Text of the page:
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Tag: Terry Martin

Strikeforce Payouts Prove You Can Still Get Your Bread Outside of the UFC


(‘Looks like we won’t be eating boiled down wallpaper this year, after all.’)

Tanking economy, you say?  Not in San Jose, brother.  The official fighter payouts for Strikeforce: Destruction tell a tale of a local MMA promoter that’s doing just fine, even if some of the figures are a little strange.  At least most of the Strikeforce fighters will be able to afford a Christmas now.  And not one of those shitty Christmases where you make homemade gifts and write each other poems and everyone has to pretend like a haiku about a mother’s love is just as cool as an Xbox.  No, a real Christmas.  With material goods and stuff!

Thanks, Strikeforce.  Go to hell, haiku.

Scott Smith: $40,000 (includes $20,000 win bonus)
Terry Martin: $20,000
Renato “Babalu” Sobral: $50,000 (includes $25,000 win bonus)
Bobby Southworth: $20,000
Duane Ludwig: $32,500 (includes $15,000 win bonus)
Yves Edwards: $12,000
Kim Couture: $10,000 (includes $5,000 win bonus)
Lina Kvokov: $1,500
Joe Riggs: $40,000 (includes $20,000 win bonus)
Luke Stewart: $10,000
Bobby Stack: $5,000 (includes $1,500 win bonus)
Cyrillo Padilha: $2,000
Eric Lawson: $9,000 (includes $1,000 win bonus)
Tony Johnson: $2,000
Kurt Osiander: $9,000 (includes $4,000 win bonus)
Josh Neal: $1,550
Brian Schwartz: $28,000 (no win bonus)
Lamont Davis: $5,000
Luke Rockhold: $4,000 (includes $2,000 win bonus)
Nik Theotikos: $2,000
Darren Uyenoyama: $5,000 (includes $2,5000 win bonus)
Brad Royster: $1,500
Alvin Cacdac: $3,000 (includes $1,000 win bonus)
Jose Palacios: $3,000
Zakary Bucia: $2,000 (includes $1,000 win bonus)
Adam Steele: $1,000

Analysis…

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Scott Smith Lands on His Feet

Scott Smith UFC MMA
(Smith during his last UFC appearance, against Ed Herman at UFC 72. Photo courtesy of slam.canoe.ca.)

Though most of his former EliteXC stablemates are still in contract limbo, two-time middleweight title challenger Scott Smith (13-5) has managed to book his next fight. “Hands of Steel” will be taking on fellow UFC vet Terry Martin (18-5) at Strikeforce’s “Destruction” card, which will be held at San Jose’s HP Pavilion on November 21st. According to the press release we received this morning:

Despite the short notice he was given for the meeting with Martin, Smith claims he will enter the fight in better condition that he did for [his most recent] meeting with [Robbie] Lawler, as he had already been preparing for a bout on November 8th that was subsequently canceled.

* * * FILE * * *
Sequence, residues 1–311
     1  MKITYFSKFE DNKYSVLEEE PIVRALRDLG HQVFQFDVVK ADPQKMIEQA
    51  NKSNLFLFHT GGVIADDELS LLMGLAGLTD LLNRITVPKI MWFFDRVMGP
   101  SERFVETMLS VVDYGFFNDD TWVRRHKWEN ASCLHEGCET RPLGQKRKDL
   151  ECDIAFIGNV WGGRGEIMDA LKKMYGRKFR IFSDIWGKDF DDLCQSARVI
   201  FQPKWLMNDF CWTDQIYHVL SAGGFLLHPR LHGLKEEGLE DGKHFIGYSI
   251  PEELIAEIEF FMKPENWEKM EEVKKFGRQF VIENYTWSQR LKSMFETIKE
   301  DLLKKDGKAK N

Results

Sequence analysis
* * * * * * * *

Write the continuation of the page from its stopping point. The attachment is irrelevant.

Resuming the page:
“My teammates said you got to stick in there and be ready to fight at any time and that’s what I did. I think fighting two weeks later is better for me and is perfect timing…He’s a better boxer and I’m a better kickboxer. I want to keep the fight standing. I know he likes to stand and bang so it’s looking to be a slugfest.”

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Affliction News: Belfort Out, Shields a Possibility?

It’s official: Vitor Belfort will not face Matt Lindland at Affliction: Day of Reckoning on October 11. The hand he broke on Terry Martin’s face won’t be healed in time, though Affliction VP Tom Atencio sounds just a little suspicious of the whole thing in his remarks to MMA Weekly:

“Vitor is out, I spoke with him I think yesterday and he told me,” said Atencio. “Actually, it was on Tuesday we had a conversation for about an hour or so, and yeah, I guess he broke his hand in two places is what he told me and he had been having 2, 3 and 4 opinions on it. He finally got the opinion that he wanted I guess and they told him to step out for a while.”

This might be just an accident of poor phrasing, but Atencio seems to be suggesting that Belfort went looking for a doctor who would tell him not to fight. That hardly sounds like “The Phenom,” who told a slightly different tale to Tatame:

“Man, I’m doing physiotherapy now and won’t be able to fight at October 11th, I wanna fight with 100%, so I’ll be at the next show to fight for the title”

Belfort also said that he expects to face the winner of Matt Lindland vs. TBA for the currently non-existent middleweight title in Affliction’s third event. Naturally, Atencio cast doubt on that too, saying that the proposed Belfort-Lindland bout would not have been for a title because “it didn’t make too much sense.” He said they may eventually decide to make it a title bout, but for now the task at hand is finding an opponent for Lindland, and guess whose name keeps coming up? Jake freakin’ Shields.